The U.S. military is playing a larger role in the most recent conflict in Israel and Gaza than previously thought.
On Friday, the Pentagon confirmed reports that forces from the U.S. Special Operations Command are flying unarmed surveillance drones over the Gaza Strip to assist in the recovery of hostages held by Hamas, of which there are thought to be around 240, including several Americans.
According to Air Force Brigadier General Pat Ryder, Pentagon press secretary, the unmanned aerial vehicles (UAVs) have been flying over Gaza since Hamas’ October 7 invasion of Israel.
“In support of hostage recovery efforts, the U.S. is conducting unarmed UAV flights over Gaza, as well as providing advice and assistance to support our Israeli partner as they work on their hostage recovery efforts,” said Ryder in a statement. “These UAV flights began after the October 7 attack by Hamas on Israel.”
Amelia Smith, an open source intelligence and aviation researcher who has been tracking the MQ-9s for several days, told FLYING that by her estimate, a total of seven different aircraft are flying across the region, four of them per day. Typically, only one Reaper is in the air at any given moment. But the UAVs have loitered over Gaza at around 24,000 to 26,000 feet, sometimes for several hours at a time, Smith said.
The MQ-9 Reaper is considered the Air Force’s first “hunter-killer” UAV. It was initially designed as a highly precise and durable combat drone, with advanced sensors and cameras, robust communications, and the ability to loiter for more than 24 hours. Today, it is used primarily for intelligence, surveillance, and reconnaissance operations.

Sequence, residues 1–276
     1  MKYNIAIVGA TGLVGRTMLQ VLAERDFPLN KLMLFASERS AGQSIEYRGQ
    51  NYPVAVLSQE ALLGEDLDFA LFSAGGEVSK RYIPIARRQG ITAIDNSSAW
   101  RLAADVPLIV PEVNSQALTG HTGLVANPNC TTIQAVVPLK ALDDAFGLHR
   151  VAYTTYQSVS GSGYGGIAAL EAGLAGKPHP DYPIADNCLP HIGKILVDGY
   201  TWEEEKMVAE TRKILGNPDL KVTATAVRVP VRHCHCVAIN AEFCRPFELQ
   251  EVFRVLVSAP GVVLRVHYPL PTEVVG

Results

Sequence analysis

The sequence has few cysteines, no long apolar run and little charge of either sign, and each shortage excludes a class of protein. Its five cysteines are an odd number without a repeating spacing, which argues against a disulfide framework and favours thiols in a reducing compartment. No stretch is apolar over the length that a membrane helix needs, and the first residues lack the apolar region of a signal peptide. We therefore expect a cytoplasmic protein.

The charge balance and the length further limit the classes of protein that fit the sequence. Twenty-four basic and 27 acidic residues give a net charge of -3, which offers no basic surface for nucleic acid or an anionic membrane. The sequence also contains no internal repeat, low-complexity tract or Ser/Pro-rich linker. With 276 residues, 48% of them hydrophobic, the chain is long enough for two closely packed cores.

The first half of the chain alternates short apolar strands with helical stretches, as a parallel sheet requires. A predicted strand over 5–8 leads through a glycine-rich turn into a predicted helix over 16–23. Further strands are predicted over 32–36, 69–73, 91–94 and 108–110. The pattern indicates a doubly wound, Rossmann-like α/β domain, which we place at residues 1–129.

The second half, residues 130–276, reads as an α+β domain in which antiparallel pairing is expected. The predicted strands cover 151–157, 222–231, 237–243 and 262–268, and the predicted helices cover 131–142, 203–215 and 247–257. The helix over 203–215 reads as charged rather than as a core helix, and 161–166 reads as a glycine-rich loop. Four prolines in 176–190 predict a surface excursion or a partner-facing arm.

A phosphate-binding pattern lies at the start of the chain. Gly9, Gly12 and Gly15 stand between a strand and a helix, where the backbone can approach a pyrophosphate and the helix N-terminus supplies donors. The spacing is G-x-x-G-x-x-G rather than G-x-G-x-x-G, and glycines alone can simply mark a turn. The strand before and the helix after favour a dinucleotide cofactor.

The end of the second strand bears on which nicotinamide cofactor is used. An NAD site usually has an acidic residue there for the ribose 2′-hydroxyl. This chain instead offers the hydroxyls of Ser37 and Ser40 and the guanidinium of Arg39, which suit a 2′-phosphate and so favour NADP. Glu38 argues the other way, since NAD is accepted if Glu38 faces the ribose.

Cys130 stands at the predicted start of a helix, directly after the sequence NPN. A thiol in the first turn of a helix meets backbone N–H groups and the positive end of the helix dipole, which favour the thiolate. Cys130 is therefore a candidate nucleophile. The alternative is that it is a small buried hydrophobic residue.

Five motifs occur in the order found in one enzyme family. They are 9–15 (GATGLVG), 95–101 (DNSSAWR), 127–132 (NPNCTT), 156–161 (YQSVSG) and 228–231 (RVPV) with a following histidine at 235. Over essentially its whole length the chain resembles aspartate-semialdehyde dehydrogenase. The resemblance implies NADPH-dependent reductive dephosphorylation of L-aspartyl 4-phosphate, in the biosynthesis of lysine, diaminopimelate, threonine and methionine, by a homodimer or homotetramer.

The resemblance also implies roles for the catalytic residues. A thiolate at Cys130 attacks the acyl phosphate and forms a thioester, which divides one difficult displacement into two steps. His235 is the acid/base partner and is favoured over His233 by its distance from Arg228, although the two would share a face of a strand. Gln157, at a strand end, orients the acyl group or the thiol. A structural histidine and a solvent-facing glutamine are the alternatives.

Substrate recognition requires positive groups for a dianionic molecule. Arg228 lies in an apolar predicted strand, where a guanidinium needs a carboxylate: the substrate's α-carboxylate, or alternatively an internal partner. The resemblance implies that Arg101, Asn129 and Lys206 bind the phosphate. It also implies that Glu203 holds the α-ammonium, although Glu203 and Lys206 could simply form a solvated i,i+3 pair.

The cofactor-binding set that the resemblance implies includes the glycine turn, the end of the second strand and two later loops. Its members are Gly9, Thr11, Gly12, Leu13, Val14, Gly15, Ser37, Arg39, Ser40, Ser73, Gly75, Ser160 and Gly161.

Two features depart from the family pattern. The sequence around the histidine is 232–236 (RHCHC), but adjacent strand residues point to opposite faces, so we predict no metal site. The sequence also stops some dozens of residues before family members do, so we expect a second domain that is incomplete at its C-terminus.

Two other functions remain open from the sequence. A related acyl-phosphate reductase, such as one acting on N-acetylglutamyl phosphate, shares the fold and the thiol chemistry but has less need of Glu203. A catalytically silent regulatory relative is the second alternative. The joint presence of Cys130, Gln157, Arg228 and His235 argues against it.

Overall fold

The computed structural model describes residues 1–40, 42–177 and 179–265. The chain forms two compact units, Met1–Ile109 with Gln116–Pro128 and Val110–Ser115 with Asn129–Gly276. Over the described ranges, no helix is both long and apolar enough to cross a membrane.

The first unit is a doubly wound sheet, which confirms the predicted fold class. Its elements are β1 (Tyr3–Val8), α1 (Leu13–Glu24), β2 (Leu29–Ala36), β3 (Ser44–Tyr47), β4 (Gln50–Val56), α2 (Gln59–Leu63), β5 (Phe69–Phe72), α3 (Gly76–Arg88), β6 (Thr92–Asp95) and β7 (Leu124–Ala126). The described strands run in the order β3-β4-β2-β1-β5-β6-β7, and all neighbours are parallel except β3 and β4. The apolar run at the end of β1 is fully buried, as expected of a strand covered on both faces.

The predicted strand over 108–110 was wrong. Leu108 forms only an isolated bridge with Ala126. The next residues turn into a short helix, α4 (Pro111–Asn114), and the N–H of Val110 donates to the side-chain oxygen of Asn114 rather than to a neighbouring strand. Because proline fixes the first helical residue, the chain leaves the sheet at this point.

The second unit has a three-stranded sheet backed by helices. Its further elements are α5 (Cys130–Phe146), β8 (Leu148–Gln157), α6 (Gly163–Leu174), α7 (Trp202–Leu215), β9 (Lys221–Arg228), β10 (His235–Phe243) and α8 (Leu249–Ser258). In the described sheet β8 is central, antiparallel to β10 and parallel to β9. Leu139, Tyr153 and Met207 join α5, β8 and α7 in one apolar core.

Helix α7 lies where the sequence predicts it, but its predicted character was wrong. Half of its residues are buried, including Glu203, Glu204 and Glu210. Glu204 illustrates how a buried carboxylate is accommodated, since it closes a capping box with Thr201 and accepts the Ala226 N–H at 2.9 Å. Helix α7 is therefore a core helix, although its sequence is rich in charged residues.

Two unnamed Department of Defense (DOD) officials told the Times the Reaper deployments are thought to be the first time U.S. drones have flown missions over Gaza. The officials added that one goal of the flights is to pass potential leads on hostage positions along to the Israel Defense Forces (IDF).
Previously, Pentagon officials had announced the U.S. delivery of precision-guided munitions, Air Force fighters, and air defense capabilities—such as interceptors for Israel’s Iron Dome counter-drone systems—to the IDF. But before Friday, they made no mention of MQ-9s.
In a Tuesday press briefing, however, Ryder mentioned that the DOD is “coordinating closely with the Israelis to help secure the release of the hostages held by Hamas, including American citizens.”
Added Ryder: “[Defense Secretary Lloyd] Austin highlighted that we immediately provided U.S. military advisors to offer best practices for integrating hostage recovery into Israel’s operations.”
Christopher Maier, an assistant secretary of defense, said earlier this week that U.S. Special Operations Forces (SOF) are on the ground in Israel to assist with hostage recovery. Officials anonymously told the Times that several dozen commandos have been dispatched and are working with the FBI, the State Department, and other U.S. government hostage recovery specialists.
A senior Pentagon official told Spencer Ackerman, who runs the militarism-focused Substack blog “Forever Wars,” that SOF are preparing for “contingencies,” which may include the retrieval of hostages from Hamas. However, the official stressed that current deployments are non-combat missions aimed at training, consulting, and planning with the IDF, not recovering hostages.
Ackerman characterized direct special operations involvement in hostage retrieval as being in the “break-glass-in-case-of-absolute-emergency category.” For now, action is limited to surveillance with the MQ-9 Reaper drones and soft support for the IDF.
Meanwhile, Israel, which this week launched a ground offensive in Gaza City, reportedly plans to send drones into Gaza’s extensive tunnel network. According to recent reports and a firsthand account from an Israeli hostage who was released, these tunnels are where Hamas holds people after they’ve been captured.